Boeing is inspecting the carbon fiber composite wings of 787 Dreamliners for potential hairline cracks that are due to a change in the way the wings are manufactured. The inspections of 42 planes started a few weeks ago after the airplane maker was notified of the problem by Mitsubishi Heavy Industries, which makes the wings in Japan.
"We have been notified by our supplier MHI that a change in their manufacturing process may have led to hairline cracks in a limited number of shear ties on a wing rib in the 787. This condition may be present in a limited number of airplanes still in production," said Doug Alder with Boeing Commercial Airplanes.
Boeing says potential wing cracks do not exist in any of the 123 Dreamliners that have been delivered and are currently in service.
The company says it takes one to two weeks to fix those wings where cracks are found. The repair involves applying a piece of carbon fiber material to the area in question. So far, the company says it has not had to completely replace any wings of the 42 Dreamliners being inspected.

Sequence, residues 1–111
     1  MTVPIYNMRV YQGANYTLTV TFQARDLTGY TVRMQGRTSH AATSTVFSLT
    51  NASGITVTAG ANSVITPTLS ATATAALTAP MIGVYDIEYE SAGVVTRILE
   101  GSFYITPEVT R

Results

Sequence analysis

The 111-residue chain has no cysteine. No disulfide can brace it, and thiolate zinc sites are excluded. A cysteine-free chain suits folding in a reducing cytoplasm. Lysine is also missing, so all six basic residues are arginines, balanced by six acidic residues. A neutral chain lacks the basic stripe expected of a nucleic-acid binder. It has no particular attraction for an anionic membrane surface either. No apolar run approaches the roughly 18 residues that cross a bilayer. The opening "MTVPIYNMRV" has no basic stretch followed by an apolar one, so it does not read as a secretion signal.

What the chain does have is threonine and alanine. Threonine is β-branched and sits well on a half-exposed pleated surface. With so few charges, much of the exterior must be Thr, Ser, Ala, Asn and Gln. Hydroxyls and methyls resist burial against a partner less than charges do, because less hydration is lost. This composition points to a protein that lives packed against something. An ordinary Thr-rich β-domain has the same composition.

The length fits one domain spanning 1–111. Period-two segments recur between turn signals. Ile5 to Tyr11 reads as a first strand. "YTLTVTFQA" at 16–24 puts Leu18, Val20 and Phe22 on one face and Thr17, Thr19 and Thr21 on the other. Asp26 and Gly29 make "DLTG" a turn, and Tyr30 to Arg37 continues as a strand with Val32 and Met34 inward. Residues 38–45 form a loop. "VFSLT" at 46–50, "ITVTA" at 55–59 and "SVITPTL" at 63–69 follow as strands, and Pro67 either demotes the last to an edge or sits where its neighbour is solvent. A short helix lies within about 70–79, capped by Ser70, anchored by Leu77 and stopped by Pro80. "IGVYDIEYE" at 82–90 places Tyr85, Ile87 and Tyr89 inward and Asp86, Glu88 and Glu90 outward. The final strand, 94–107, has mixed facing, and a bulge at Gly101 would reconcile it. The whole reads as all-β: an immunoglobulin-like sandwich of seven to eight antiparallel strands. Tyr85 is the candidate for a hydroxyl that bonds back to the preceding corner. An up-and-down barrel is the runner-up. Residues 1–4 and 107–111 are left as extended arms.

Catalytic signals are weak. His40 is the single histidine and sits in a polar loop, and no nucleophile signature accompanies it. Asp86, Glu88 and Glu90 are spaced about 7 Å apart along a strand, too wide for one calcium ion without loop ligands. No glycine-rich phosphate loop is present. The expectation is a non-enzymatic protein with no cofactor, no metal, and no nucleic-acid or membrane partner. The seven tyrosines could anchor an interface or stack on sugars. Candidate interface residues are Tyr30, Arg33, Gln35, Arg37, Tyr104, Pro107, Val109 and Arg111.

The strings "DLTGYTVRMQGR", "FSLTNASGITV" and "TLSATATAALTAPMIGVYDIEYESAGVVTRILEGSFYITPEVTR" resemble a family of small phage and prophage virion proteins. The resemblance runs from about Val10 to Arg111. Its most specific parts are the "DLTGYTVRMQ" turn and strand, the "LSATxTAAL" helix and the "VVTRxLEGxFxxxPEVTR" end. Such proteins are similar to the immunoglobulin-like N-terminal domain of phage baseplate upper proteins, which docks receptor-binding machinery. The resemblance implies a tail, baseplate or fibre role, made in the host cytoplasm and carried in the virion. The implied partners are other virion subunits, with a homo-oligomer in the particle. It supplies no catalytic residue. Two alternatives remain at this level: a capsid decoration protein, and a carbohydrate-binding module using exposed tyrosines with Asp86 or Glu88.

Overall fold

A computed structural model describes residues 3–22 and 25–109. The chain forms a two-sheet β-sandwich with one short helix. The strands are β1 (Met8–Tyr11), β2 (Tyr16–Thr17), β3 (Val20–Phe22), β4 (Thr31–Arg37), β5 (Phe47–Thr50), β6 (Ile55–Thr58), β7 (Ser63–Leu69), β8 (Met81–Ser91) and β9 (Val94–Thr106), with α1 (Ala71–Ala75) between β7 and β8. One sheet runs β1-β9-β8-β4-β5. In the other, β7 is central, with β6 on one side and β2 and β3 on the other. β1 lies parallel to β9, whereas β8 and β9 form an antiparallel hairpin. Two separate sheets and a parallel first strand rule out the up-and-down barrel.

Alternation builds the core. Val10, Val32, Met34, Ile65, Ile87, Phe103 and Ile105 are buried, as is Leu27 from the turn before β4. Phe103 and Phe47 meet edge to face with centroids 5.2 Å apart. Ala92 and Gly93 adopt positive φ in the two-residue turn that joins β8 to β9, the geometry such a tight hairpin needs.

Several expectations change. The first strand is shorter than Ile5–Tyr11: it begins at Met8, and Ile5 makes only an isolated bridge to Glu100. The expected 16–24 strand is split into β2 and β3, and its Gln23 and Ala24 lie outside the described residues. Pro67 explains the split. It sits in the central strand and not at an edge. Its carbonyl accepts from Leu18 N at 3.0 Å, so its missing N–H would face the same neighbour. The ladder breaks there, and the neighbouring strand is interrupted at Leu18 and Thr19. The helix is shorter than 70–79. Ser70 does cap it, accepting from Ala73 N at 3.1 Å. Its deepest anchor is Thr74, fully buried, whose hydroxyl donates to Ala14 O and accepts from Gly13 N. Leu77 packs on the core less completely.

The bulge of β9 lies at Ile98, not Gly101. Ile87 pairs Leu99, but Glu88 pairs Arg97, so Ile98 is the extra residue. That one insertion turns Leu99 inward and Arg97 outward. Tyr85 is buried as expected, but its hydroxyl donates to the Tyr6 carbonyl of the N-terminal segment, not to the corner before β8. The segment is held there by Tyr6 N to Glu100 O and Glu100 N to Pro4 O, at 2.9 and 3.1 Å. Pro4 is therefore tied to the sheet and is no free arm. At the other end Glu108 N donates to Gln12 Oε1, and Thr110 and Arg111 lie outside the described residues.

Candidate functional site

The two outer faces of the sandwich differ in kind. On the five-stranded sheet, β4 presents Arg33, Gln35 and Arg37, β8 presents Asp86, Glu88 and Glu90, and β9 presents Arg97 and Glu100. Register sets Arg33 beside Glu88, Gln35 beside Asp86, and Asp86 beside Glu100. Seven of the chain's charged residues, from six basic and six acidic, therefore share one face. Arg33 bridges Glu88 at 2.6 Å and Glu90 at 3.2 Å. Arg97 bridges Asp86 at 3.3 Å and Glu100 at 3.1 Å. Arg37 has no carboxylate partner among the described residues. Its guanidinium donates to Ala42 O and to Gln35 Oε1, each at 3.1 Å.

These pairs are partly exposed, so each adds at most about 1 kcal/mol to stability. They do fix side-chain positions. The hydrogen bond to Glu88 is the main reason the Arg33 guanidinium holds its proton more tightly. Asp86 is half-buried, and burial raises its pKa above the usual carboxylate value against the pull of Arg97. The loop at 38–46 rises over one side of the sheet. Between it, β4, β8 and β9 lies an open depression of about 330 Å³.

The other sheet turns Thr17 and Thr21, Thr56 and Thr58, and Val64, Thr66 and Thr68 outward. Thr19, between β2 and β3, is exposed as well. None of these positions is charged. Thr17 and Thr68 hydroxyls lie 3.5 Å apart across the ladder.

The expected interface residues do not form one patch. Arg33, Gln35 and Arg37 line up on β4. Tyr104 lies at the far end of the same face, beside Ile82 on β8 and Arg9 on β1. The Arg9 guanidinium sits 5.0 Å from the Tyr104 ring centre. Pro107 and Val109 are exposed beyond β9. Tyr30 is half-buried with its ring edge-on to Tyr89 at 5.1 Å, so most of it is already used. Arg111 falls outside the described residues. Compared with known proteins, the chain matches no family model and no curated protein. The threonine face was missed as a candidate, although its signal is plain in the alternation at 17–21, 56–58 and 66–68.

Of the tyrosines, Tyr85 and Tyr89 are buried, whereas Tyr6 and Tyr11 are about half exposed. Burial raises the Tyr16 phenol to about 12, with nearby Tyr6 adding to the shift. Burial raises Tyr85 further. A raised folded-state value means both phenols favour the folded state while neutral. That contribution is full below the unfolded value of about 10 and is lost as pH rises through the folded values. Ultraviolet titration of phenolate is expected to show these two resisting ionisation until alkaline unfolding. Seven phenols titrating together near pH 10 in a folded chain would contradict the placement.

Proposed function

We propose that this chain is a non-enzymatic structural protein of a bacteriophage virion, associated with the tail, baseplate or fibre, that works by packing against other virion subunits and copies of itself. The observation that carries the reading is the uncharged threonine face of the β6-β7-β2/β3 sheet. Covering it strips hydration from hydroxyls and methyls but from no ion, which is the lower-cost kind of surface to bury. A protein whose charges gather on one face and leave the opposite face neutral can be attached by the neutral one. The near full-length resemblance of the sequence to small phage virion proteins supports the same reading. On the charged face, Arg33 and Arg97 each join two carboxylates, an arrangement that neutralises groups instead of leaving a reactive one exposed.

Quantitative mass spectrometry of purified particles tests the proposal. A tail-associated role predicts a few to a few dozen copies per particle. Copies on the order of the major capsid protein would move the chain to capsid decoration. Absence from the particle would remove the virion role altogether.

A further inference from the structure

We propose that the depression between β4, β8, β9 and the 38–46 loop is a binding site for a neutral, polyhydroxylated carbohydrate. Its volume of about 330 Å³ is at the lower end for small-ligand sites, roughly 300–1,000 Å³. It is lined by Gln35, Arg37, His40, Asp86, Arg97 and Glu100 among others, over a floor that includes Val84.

"We understand the issue, what must be done to correct it, and are completing inspections of potentially affected airplanes. We are addressing affected airplanes as required. We expect no impact to 2014 delivery guidance," Alder said.
Boeing recently increased production of the Dreamliner to 10 per month but has been wrestling with manufacturing issues as it gets its Dreamliner assembly line in Charleston, S.C., up to speed.
Despite this setback and likely delays in delivering those 787's being inspected, Boeing says the latest manufacturing issue will not impact its earnings guidance for the year.
In after-hours trading, shares of Boeing fell more than 1%.
(CORRECTION: This article was corrected to reflect that 42 airplanes are being inspected for a manufacturer's defect.)